{[ promptMessage ]}

Bookmark it

{[ promptMessage ]}

12-Triaxial-Test

12-Triaxial-Test - d-Undr ained Tr iaxial Compr ession Test...

Info iconThis preview shows pages 1–4. Sign up to view the full content.

View Full Document Right Arrow Icon
1 σ 1 σ 3 σ 3 σ ed-Undrained Triaxial Compression Test on Cohesive Soils ined) Plateau due to consolidatino Florida International University Department of Civil and Environmental Engineering CEG 4011 L Geotechnical Engineering I Laboratory Dr. Luis A. Prieto-Portar PhD, PE, SE. Lab Report #12 The Triaxial-Test Undrained (ASTM D-3080) Performed on July 2010 Team Members: Member Attendance Writing Assignment Completed
Background image of page 1

Info iconThis preview has intentionally blurred sections. Sign up to view the full version.

View Full Document Right Arrow Icon
Summary
Background image of page 2
A. INTRODUCTION This notice deals with Undrainest triaxial test (U) also called an Unconsolidated-Undrained test (UU).  It’s a common method to measure the mechanical properties of many deformable solids, especially  soil sand clay , and other  granular materials  or  powders . A solid is defined as a material that can support shear stress without moving. However, every solid  has an upper limit to how much shear stress it can support. The triaxial tester is designed to measure that  limit. The stress on the platens is increased until the material in the cylinder fails and forms sliding regions  within itself, known as  shear bands . A motion where a material is deformed under shear stress is known  as   shearing.   The geometry of the shearing in a triaxial tester typically causes the sample to become  shorter while bulging out along the sides. The stress on the platen is then reduced and the water pressure  pushes the sides back in, causing the sample to grow taller again. This cycle is usually  repeated several   times  while collecting stress and strain data about the sample. From the triaxial test data, it is possible to extract fundamental material parameters about the sample,  including its angle of shearing resistance, apparent cohesion, and dilatancy angle. These parameters are  then used in computer models to predict how the material will behave in a larger-scale engineering  application. An example would be to predict the stability of the soil on a slope, whether the slope will  collapse or whether the soil will support the shear stresses of the slope and remain in place. Triaxial tests  are used along with other tests to make such engineering predictions The principle behind a triaxial test is that the stress applied in the vertical direction (along the axis of  the cylinder) can be different than the stress applied in the horizontal directions (along the sides of the  cylinder). This produces a non-hydrostatic stress state, which contains shear stress.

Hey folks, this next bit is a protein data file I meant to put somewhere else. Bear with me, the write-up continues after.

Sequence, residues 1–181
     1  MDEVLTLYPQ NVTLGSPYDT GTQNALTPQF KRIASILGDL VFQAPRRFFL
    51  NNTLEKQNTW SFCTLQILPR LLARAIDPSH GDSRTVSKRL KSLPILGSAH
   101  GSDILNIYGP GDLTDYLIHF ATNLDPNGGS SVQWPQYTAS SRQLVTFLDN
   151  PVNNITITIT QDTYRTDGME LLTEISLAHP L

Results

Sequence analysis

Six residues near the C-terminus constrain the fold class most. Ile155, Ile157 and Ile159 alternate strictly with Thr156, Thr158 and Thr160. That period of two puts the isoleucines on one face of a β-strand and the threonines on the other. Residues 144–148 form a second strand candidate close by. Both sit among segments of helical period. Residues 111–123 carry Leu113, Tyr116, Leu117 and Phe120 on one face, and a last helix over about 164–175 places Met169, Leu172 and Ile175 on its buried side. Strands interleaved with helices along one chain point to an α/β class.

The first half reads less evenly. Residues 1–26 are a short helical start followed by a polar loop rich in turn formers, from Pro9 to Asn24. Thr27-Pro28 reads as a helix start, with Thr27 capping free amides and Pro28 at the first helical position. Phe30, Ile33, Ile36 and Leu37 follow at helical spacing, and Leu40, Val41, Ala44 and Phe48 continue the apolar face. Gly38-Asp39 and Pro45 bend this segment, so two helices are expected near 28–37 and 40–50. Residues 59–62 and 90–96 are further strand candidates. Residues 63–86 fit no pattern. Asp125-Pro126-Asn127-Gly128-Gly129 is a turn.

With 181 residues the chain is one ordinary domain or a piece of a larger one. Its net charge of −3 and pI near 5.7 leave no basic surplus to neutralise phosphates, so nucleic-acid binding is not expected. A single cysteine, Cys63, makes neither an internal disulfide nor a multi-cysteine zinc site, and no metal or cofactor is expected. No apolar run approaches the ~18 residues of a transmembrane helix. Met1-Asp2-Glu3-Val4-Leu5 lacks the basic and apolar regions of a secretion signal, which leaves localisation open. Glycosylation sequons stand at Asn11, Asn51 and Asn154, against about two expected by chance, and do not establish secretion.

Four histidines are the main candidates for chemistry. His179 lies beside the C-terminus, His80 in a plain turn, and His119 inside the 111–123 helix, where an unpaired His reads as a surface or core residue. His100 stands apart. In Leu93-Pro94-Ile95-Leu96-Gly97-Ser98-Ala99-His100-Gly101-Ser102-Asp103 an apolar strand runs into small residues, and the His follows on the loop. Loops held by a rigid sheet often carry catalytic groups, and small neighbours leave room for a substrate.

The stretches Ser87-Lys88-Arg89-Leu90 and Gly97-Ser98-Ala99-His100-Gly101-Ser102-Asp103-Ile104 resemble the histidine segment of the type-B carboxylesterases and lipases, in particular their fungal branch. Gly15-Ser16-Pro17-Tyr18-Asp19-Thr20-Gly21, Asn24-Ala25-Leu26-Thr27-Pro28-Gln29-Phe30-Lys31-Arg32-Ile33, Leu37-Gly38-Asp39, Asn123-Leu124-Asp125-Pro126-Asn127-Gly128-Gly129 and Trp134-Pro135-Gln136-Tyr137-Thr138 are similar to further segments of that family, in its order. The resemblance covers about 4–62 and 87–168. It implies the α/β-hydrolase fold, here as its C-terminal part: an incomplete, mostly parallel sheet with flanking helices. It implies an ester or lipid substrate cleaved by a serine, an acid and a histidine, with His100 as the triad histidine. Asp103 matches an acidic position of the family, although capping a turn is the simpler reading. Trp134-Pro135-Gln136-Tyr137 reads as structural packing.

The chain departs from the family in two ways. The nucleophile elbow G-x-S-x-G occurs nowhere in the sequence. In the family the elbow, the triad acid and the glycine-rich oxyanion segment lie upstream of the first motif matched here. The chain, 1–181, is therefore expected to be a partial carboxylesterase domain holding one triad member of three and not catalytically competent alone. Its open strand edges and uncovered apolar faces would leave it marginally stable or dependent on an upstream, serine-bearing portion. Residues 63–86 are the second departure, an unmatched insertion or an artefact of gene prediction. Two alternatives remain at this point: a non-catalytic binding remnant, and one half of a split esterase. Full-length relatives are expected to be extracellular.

Background image of page 3

Info iconThis preview has intentionally blurred sections. Sign up to view the full version.

View Full Document Right Arrow Icon
Image of page 4
This is the end of the preview. Sign up to access the rest of the document.

{[ snackBarMessage ]}